LC: My tip would be that women need to be more proactive and need to be more educated about the fact that this is something they should be able to talk to their healthcare provider about and there are treatments and therapies available. And if they don’t get it from their healthcare provider, ask: Where can you direct me? The lack of education and the lack of comfort is on both sides, and that’s the problem. It drives this problem where women don’t get assessed for low desire because they don’t get asked—and it’s this vicious cycle. 

GE: What if your lifestyle choices have changed, you’ve changed your diet, tried new sexual adventures; you’ve done all the things you’re supposed to do to help get your libido back up and yet … nothing is working? What’s the next step?

LC: Well, the very first thing I talk to patients about is asking them if they are in a relationship. If they are in a partnered relationship, I ask: How is the relationship? Especially if one of their complaints is decreased libido or desire. Because we know that relationship satisfaction can be the very beginning of where sexual response lies for women. So, if relationship satisfaction is not intact for women, then desire is not going to follow. 

GE: Yeah, so interesting and so true. HSDD is such a common concern, but a lot of women who have it feel like they don’t know anyone who also has it. Like we said, women talk to each other, but when it comes to this, there is this huge “embarrassment hurdle”. Why are people so uncomfortable talking about it? 

By the way, if women aren’t interested and their partner is OK with it and there’s no distress, then it’s not a problem.

— Dr. Lisa Chism 

LC: Based on my interactions with patients every day, women start to accept it as normal and just something they have to deal with. It’s the same with pain with intercourse, especially after menopause. They feel like: Well, yeah. Of course I have dryness and it hurts. Well, yes. It’s just what I have to deal with. So, when I talk to women about desire and over, and over, and over again I hear: Yeah, well, I just know, I’m not really interested in sex. By the way, if women aren’t interested and their partner is OK with it and there’s no distress, then it’s not a problem. But if it is causing distress, they seem to just accept it as their new reality and they are not offered or engaged in any kind of therapies or medical interventions that may help them. They are not aware that these things exist so they stop asking and trying to fix it. Because they really aren’t aware that this is a condition, that it is common, and it is treatable. There are various treatments, whether it’s cognitive behavior therapies or medical intervention.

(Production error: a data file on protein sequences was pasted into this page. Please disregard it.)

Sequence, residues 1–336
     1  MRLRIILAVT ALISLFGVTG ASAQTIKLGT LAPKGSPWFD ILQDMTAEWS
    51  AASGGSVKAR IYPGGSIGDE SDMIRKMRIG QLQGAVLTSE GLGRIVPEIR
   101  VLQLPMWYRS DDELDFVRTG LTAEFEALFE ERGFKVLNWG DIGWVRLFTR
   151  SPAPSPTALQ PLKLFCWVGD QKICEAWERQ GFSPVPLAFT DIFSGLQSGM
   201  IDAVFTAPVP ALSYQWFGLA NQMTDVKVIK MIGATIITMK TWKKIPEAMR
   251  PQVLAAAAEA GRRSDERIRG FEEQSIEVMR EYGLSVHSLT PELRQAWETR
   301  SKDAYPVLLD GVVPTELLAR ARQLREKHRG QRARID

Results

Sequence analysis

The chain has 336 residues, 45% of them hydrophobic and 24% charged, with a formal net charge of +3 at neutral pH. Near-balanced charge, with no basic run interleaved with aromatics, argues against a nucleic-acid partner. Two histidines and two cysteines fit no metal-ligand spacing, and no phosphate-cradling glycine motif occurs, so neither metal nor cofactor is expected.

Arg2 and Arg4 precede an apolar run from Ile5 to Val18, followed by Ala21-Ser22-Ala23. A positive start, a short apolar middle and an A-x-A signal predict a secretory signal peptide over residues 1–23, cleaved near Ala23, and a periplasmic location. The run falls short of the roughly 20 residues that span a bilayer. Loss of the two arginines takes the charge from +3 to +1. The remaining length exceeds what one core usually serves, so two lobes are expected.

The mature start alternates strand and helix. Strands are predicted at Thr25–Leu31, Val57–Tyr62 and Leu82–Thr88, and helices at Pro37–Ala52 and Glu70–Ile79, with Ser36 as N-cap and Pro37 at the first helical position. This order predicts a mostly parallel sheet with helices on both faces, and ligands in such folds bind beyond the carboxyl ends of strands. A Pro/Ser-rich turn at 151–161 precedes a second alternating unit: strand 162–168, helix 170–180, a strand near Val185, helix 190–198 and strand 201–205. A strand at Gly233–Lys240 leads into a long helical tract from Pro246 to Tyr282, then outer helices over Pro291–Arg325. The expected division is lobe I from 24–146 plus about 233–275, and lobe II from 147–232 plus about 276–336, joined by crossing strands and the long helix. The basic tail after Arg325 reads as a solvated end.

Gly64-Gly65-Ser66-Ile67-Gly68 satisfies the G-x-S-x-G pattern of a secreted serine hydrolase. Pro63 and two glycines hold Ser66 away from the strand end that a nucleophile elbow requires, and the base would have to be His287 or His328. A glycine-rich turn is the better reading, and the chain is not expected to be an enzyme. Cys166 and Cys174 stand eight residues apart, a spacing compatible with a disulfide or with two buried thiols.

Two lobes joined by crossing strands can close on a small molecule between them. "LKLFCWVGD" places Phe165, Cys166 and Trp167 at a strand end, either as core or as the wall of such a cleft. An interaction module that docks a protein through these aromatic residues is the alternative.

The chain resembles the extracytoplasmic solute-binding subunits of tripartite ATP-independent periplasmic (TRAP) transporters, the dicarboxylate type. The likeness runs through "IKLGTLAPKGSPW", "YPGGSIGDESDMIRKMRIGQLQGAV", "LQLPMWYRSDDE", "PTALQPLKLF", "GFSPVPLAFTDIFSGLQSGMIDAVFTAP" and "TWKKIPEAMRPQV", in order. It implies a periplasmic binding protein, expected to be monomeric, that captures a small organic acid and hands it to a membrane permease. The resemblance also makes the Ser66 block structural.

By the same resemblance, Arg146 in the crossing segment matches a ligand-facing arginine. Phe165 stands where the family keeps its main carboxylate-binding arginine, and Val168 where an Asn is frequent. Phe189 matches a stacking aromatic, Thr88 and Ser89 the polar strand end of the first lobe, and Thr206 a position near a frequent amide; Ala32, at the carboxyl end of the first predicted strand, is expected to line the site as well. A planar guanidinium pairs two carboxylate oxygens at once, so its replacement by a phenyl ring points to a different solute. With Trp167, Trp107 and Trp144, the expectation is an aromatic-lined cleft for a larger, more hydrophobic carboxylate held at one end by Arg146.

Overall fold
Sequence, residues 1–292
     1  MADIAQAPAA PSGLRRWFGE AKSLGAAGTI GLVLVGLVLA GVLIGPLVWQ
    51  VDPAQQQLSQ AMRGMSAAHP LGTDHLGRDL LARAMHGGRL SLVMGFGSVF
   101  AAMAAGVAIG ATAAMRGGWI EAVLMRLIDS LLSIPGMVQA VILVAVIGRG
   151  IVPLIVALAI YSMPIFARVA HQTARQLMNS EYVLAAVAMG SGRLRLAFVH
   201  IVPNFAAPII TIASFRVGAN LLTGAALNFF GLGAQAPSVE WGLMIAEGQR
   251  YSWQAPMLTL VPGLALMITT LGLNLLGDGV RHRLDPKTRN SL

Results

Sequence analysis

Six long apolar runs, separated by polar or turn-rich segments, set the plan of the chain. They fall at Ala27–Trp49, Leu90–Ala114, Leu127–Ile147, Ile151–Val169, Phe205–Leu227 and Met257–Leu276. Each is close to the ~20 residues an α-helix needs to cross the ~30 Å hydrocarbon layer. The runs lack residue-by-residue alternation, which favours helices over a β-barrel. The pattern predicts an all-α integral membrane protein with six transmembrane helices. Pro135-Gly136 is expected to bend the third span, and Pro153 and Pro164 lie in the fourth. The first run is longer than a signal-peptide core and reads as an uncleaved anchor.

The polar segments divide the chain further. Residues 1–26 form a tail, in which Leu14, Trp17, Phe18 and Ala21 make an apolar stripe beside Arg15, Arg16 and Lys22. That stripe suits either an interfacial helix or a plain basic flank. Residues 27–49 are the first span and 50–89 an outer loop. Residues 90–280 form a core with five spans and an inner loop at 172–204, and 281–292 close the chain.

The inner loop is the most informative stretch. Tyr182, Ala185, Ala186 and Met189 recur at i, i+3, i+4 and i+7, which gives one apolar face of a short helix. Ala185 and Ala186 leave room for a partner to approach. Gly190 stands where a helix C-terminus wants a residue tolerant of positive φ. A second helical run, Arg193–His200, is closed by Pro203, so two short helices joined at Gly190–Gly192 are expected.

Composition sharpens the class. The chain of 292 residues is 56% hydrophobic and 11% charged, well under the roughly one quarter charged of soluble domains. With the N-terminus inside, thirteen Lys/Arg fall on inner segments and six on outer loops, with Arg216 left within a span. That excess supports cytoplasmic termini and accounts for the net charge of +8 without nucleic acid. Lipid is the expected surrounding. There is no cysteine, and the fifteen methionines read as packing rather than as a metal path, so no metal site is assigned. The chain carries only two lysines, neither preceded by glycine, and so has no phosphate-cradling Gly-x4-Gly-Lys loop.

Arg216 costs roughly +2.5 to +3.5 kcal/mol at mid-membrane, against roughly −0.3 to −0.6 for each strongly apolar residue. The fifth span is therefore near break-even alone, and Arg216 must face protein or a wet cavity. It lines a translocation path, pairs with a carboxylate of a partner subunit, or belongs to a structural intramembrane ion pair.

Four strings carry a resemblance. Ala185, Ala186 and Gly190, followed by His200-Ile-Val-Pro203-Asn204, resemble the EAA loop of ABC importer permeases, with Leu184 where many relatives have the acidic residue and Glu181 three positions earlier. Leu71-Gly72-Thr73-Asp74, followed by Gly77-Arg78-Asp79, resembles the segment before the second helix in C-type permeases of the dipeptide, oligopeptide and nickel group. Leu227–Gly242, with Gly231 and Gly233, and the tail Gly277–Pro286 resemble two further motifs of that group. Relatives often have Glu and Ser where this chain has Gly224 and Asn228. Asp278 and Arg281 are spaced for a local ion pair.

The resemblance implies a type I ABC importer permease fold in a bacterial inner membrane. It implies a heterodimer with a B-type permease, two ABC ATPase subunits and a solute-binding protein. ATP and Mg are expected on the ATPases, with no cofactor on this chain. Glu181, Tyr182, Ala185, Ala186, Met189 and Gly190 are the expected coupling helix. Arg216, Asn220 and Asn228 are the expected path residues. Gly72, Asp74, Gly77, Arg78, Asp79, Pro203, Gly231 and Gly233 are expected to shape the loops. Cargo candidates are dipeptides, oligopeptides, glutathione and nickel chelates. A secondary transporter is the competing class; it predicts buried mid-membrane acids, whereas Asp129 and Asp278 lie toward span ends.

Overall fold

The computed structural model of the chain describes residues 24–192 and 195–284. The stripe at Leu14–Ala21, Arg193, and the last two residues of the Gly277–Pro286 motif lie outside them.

GE: Ok, paint a little more of a picture for me: You have a patient who comes to you and is like: Oh, I don’t have a libido anymore, but I guess I just don’t have sex drive. What do you say to someone who says that?

LC: I ask them: How does your partner feel about that? While women may be suffering from this, sometimes even men at a younger age than you would expect are having their own form of sexual dysfunction, so I ask them: How does your partner feel about this? If she tells me: Well, we are both OK with it. That’s where we are at in our life. Then, there’s no distress, then it’s not a problem. However, if she tells me: Well, I just don’t really feel like having sex, but it is a problem. I miss that part of my life. Then, that’s when we start to talk more about the relationship again. If the relationship is intact, we talk about whether or not there are mental health issues or physical issues that would be causing it. And, once again, we rule that out: she’s relatively healthy, the relationship is healthy and that’s when we talk a little bit more about some of the behavioral and lifestyle things that they can be doing. But also letting them know if at the end of the day none of these things are working, there are some things we can talk about as far as medical therapies and interventions.